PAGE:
Alberta’s strategy to address climate change has proven to be little more than “wishful thinking.”
When the Alberta government introduced its Climate Change Strategy in 2008, the document was branded with the words “Responsibility, Leadership and Action” but eight years later – with greenhouse gas emissions nowhere close to meeting the provincial target – there’s little evidence of any of those concepts.
The province has delayed the time frame to update its carbon levy from September to the end the year but its likely emissions will increase in any policy. The auditor general recently criticized the government’s oversight of its climate strategy as “troubling” and “disturbing.” What went wrong? Consider the insight of no less of an authority on government and climate change policy than Prime Minister Stephen Harper. “No country is going to undertake actions on climate change, no matter what they say … that is going to deliberately destroy jobs and growth in their economy,” Harper said in June.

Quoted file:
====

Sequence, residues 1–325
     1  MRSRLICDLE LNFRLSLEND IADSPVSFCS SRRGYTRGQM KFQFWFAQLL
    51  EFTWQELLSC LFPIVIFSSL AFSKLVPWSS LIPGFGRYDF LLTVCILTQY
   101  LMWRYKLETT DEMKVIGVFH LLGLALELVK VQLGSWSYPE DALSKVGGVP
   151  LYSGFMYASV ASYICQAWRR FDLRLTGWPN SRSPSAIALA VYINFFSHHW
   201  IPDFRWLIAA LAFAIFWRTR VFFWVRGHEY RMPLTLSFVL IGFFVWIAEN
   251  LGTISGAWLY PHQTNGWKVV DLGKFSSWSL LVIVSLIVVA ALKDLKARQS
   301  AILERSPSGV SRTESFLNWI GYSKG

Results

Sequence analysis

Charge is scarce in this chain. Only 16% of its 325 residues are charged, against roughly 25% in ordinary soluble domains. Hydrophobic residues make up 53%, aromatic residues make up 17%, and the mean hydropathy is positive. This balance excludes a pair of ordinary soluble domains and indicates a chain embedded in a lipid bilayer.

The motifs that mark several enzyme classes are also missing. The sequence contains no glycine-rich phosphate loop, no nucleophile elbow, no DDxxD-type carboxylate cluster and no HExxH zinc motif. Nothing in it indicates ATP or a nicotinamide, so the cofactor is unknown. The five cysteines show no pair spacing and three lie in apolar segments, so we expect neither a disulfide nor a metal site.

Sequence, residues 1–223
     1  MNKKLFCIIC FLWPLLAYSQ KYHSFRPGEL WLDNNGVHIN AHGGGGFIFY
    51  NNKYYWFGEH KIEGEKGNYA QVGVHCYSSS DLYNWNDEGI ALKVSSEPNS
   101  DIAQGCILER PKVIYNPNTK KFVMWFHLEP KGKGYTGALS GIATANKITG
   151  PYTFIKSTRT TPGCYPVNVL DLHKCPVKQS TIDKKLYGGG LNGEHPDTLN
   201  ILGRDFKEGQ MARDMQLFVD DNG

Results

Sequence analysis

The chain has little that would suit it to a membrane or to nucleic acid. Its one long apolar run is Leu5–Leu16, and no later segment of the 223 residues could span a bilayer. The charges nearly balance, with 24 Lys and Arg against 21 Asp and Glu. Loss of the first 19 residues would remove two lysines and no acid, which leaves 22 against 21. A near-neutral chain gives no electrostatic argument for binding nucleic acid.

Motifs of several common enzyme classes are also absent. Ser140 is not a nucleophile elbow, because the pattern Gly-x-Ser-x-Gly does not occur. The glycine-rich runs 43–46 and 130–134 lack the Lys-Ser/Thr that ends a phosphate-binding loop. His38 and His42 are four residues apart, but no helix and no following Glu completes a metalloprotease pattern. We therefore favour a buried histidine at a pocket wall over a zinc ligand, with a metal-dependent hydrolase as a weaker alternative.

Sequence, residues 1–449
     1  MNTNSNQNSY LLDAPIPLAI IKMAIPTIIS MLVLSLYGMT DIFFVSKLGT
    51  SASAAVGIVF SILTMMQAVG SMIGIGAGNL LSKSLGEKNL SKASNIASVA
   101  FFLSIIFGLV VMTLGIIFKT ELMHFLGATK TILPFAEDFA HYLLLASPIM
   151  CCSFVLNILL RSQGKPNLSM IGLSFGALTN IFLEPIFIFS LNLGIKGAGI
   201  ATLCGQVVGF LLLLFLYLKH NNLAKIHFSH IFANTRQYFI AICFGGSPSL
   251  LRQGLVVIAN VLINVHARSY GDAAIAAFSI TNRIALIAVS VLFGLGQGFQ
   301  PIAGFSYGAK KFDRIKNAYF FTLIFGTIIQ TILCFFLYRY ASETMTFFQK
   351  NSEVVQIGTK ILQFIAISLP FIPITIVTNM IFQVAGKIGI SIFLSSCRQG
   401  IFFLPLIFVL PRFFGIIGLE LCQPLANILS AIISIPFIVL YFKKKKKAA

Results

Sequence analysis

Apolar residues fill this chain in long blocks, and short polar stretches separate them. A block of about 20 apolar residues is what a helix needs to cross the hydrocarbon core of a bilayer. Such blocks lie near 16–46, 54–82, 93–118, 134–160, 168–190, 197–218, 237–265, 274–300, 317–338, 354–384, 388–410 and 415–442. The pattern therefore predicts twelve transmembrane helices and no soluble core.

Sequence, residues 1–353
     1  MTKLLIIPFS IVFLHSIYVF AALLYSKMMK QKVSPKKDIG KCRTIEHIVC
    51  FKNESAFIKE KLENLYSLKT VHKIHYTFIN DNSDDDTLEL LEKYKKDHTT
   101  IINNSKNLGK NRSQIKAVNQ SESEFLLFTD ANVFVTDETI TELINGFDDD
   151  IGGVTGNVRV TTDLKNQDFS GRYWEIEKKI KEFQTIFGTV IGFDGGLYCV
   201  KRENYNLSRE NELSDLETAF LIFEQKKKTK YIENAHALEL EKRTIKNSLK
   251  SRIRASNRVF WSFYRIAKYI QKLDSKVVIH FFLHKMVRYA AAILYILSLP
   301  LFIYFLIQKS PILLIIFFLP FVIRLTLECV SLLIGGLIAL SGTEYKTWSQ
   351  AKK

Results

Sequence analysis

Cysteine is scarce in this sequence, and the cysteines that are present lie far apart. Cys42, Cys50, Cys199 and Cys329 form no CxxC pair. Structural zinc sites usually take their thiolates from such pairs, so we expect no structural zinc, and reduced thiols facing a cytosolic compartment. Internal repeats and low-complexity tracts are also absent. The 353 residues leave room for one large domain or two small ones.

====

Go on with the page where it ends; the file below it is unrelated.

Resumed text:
That logic presumably applies to Wild Rose Country.
Alberta isn’t alone in over promising and under delivering. The federal government has been criticized because Canada isn’t going to meet its 2020 emission reduction targets and Ontario was blasted by its environmental watchdog this month for doing little beyond trumpeting its decision to stop burning coal to generate electricity to address the climate issue.
The stakes in Alberta are disproportionately higher than other jurisdictions. The province has become vital to a national economy increasingly based on natural resources but its carbon-intense heavy industries also generate 48 per cent of GHGs produced annually in Canada
For a province that stresses securing a “social licence” for oil sands development – from campaigning for access to overseas markets to lobbying for pipeline approvals – the failure to meet anything close to the “achievable” limits set for GHG emissions is a failure in leadership.
To help with the global image of its oil, Alberta needs to stop falling short of its well-publicized targets.
It also isn’t advancing the cause to miss “achievable” targets and simply reinforces that market forces are the only constraint on oil sands development in a province that’s growing rich from its oil wealth. Expecting any change might be simply “wishful thinking.”